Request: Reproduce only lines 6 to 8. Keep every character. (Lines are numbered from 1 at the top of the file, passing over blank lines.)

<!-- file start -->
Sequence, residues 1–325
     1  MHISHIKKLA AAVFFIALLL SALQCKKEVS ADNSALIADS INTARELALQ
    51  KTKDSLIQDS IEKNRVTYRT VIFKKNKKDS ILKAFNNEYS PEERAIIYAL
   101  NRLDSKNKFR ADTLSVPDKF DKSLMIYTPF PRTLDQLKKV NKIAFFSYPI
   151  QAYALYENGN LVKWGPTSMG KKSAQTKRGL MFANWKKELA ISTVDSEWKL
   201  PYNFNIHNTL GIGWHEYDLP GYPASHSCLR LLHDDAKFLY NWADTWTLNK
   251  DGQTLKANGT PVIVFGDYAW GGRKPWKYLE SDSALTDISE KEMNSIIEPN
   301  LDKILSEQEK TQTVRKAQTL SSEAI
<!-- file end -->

   201  PYNFNIHNTL GIGWHEYDLP GYPASHSCLR LLHDDAKFLY NWADTWTLNK
   251  DGQTLKANGT PVIVFGDYAW GGRKPWKYLE SDSALTDISE KEMNSIIEPN
   301  LDKILSEQEK TQTVRKAQTL SSEAI